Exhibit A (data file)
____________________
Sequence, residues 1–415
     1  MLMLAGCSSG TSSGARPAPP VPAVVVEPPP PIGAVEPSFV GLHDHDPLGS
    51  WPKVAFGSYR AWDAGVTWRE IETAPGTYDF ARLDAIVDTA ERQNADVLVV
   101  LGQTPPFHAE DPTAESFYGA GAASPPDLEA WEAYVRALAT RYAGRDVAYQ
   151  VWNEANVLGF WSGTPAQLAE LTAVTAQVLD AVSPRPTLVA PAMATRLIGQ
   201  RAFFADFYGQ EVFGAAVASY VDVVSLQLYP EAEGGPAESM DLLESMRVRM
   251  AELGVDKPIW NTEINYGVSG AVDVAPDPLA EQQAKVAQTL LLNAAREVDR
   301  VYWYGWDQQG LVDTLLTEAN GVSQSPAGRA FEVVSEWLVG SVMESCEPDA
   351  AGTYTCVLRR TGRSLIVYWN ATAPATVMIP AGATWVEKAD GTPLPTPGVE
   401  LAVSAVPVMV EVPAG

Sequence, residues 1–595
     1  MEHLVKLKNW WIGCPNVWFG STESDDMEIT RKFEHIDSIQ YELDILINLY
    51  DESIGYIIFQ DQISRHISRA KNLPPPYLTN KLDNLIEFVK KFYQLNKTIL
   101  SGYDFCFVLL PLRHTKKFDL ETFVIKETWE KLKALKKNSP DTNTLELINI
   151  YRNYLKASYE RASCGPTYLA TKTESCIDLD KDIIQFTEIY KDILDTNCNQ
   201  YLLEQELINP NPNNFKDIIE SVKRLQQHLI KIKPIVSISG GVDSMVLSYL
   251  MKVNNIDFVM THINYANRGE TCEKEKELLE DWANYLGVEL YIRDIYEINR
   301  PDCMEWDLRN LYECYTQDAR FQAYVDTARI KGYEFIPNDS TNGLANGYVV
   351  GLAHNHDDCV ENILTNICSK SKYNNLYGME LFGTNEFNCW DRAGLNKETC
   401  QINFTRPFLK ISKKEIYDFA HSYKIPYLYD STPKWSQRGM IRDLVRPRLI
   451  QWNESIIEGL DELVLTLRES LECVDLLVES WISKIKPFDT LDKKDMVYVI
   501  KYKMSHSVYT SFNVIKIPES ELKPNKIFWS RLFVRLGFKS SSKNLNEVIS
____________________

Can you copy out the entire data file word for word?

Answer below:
Sequence, residues 1–415
     1  MLMLAGCSSG TSSGARPAPP VPAVVVEPPP PIGAVEPSFV GLHDHDPLGS
    51  WPKVAFGSYR AWDAGVTWRE IETAPGTYDF ARLDAIVDTA ERQNADVLVV
   101  LGQTPPFHAE DPTAESFYGA GAASPPDLEA WEAYVRALAT RYAGRDVAYQ
   151  VWNEANVLGF WSGTPAQLAE LTAVTAQVLD AVSPRPTLVA PAMATRLIGQ
   201  RAFFADFYGQ EVFGAAVASY VDVVSLQLYP EAEGGPAESM DLLESMRVRM
   251  AELGVDKPIW NTEINYGVSG AVDVAPDPLA EQQAKVAQTL LLNAAREVDR
   301  VYWYGWDQQG LVDTLLTEAN GVSQSPAGRA FEVVSEWLVG SVMESCEPDA
   351  AGTYTCVLRR TGRSLIVYWN ATAPATVMIP AGATWVEKAD GTPLPTPGVE
   401  LAVSAVPVMV EVPAG

Sequence, residues 1–595
     1  MEHLVKLKNW WIGCPNVWFG STESDDMEIT RKFEHIDSIQ YELDILINLY
    51  DESIGYIIFQ DQISRHISRA KNLPPPYLTN KLDNLIEFVK KFYQLNKTIL
   101  SGYDFCFVLL PLRHTKKFDL ETFVIKETWE KLKALKKNSP DTNTLELINI
   151  YRNYLKASYE RASCGPTYLA TKTESCIDLD KDIIQFTEIY KDILDTNCNQ
   201  YLLEQELINP NPNNFKDIIE SVKRLQQHLI KIKPIVSISG GVDSMVLSYL
   251  MKVNNIDFVM THINYANRGE TCEKEKELLE DWANYLGVEL YIRDIYEINR
   301  PDCMEWDLRN LYECYTQDAR FQAYVDTARI KGYEFIPNDS TNGLANGYVV
   351  GLAHNHDDCV ENILTNICSK SKYNNLYGME LFGTNEFNCW DRAGLNKETC
   401  QINFTRPFLK ISKKEIYDFA HSYKIPYLYD STPKWSQRGM IRDLVRPRLI
   451  QWNESIIEGL DELVLTLRES LECVDLLVES WISKIKPFDT LDKKDMVYVI
   501  KYKMSHSVYT SFNVIKIPES ELKPNKIFWS RLFVRLGFKS SSKNLNEVIS